Project launched to improve marketing of pawpaw, mango, avocado and citrus fruits by managing invasive scale insect pests in Eastern Africa

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09 June 2023, Africa: A new project has been launched to help improve market access for pawpaw, mango, avocado, and citrus by managing invasive scale insect pests in Eastern Africa – particularly Kenya, Uganda and Burundi.

The three-year project will seek to increase compliance with sanitary and phytosanitary (SPS) requirements for the fruits through improved surveillance and management of scale insect pests. These include false yellow scale (Pseudaulacaspis cockerelli), snout scale (Fiorinia proboscidaria) and black parlatoria scale (Parlatoria ziziphin).

Small insects, specifically adult females, typically have soft bodies, sometimes no limbs, and may be concealed on the underside of plants meaning they often go unnoticed or are misdiagnosed as a disease. They attack by inserting their tiny, straw-like mouthparts into the bark, fruit, or leaves.

The pests attack important crops and plants that are integral to the countries’ economies and in some cases have been known to cause devastating crop yield losses of up to 91%.

An inaugural steering committee meeting has also been held for the project, which is funded by the Standards and Trade Development Facility (STDF), at the Kenya Plant Health Inspectorate Service (KEPHIS) headquarters in Nairobi, Kenya.

CABI is joining partners, including KEPHIS, the Kenya Agricultural and Livestock Research Organization (KALRO), the National Museums of Kenya and the Fresh Produce Exporters Association of Kenya (FPEAK), to deliver the project.

In addition to the project steering committee members, the project launch brought together additional representatives from government and private sector institutions including the Ministry of Agriculture and Livestock Development (MALD), Agriculture and Food Authority (AFA) and the Horticulture Crops Directorate (HCD).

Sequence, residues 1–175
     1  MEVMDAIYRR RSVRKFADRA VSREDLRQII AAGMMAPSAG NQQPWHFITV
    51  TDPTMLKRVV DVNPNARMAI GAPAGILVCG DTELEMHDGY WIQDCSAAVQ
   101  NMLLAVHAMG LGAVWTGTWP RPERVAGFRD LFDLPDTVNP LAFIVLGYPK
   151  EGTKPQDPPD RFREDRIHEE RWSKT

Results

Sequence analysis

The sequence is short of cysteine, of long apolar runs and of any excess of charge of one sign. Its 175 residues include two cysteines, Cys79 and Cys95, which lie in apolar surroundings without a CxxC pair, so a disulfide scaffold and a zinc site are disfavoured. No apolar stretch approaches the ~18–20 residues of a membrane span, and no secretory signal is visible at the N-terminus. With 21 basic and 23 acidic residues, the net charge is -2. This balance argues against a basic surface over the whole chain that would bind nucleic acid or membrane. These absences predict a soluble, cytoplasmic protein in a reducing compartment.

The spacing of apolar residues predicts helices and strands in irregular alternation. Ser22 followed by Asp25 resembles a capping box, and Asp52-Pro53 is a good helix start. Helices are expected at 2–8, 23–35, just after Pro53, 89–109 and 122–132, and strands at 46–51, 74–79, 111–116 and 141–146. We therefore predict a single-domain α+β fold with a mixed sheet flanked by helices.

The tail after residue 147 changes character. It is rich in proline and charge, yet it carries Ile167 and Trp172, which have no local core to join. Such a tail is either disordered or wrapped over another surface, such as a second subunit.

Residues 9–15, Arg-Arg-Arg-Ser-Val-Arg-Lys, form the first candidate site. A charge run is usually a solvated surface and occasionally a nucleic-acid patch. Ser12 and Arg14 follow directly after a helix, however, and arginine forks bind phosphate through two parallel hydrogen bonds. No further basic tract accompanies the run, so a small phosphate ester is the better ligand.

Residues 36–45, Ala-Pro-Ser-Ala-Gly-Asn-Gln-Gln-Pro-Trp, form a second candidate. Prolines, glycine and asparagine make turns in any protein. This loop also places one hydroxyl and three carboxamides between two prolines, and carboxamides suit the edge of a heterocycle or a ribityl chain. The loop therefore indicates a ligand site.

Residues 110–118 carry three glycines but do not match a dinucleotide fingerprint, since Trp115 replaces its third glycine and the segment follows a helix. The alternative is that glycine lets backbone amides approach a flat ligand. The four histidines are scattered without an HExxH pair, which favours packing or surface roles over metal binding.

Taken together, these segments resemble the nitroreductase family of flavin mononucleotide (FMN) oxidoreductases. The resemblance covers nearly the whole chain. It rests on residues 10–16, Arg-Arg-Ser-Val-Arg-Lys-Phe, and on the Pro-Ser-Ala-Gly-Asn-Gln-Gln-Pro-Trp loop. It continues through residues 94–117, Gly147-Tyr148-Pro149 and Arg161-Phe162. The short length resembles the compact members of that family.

The trade in mango, avocado, pawpaw, and citrus within the East African Community (EAC) region, EU and China at the import and export levels has been on the increase recently but its success is dependent on tackling a range of crop pests and diseases. Regional pest risks to production and trade include scale insects that are not only damaging to crops but also other plant host species.

In Eastern Africa, introduced mealybug pests, for example, include Papaya mealybug (Paracoccus marginatus) which impacts cultivation and yields of pawpaw, cassava, vegetables and other alternative hosts such as Citriculus mealybug (Pseudococcus cryptus) on citrus and fruit tree mealybug (Rastrococcus invadens).

Dr MaryLucy Oronje, Project Manager and Scientist, SPS, based at CABI’s regional centre for Africa in Nairobi, said, “Agriculture is a mainstay of the East African economy employing up to 80% of its people and accounting for around 25% of the GDP.

“However, expansion of the sector and its ability to improve livelihoods and food security is impeded by sanitary and phytosanitary systems that need improving – particularly in respect of scale insects and their impact upon pawpaw, mango, avocado, and citrus.

“This project in partnership will aim to strengthen the capacity of Kenya, Uganda and Burundi to monitor and mitigate these risks before export to increase intra-regional trade and export to more favourable global markets.”

KEPHIS Managing Director Prof. Theophilus Mutui says scale insects are quarantine in nature and this impedes trade. “We are therefore excited about this project that will help improve market access for our produce and will enable us to inform and educate farmers on how to mitigate scale insects. The program also covers East Africa hence the opportunity to collaborate with our counterparts in the region in mitigating the pest.”

Part of the project will involve training agricultural extension staff and plant protection officers on the identification of scale insects and communicating their risks and how they can be managed with smallholder farmers.

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